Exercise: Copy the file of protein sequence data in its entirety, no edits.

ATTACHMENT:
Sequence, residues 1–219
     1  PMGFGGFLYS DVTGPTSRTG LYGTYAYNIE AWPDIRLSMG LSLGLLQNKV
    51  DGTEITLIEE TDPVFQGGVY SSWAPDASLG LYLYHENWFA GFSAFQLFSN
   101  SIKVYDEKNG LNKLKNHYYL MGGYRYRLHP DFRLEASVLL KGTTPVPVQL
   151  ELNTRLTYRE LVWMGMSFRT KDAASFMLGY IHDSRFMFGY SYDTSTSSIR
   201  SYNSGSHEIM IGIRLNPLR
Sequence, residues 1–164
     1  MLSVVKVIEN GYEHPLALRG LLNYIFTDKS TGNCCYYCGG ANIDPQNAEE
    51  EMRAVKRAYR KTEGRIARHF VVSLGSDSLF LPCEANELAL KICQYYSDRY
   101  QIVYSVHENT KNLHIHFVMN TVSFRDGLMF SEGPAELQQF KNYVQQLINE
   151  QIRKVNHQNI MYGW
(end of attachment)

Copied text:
Sequence, residues 1–219
     1  PMGFGGFLYS DVTGPTSRTG LYGTYAYNIE AWPDIRLSMG LSLGLLQNKV
    51  DGTEITLIEE TDPVFQGGVY SSWAPDASLG LYLYHENWFA GFSAFQLFSN
   101  SIKVYDEKNG LNKLKNHYYL MGGYRYRLHP DFRLEASVLL KGTTPVPVQL
   151  ELNTRLTYRE LVWMGMSFRT KDAASFMLGY IHDSRFMFGY SYDTSTSSIR
   201  SYNSGSHEIM IGIRLNPLR
Sequence, residues 1–164
     1  MLSVVKVIEN GYEHPLALRG LLNYIFTDKS TGNCCYYCGG ANIDPQNAEE
    51  EMRAVKRAYR KTEGRIARHF VVSLGSDSLF LPCEANELAL KICQYYSDRY
   101  QIVYSVHENT KNLHIHFVMN TVSFRDGLMF SEGPAELQQF KNYVQQLINE
   151  QIRKVNHQNI MYGW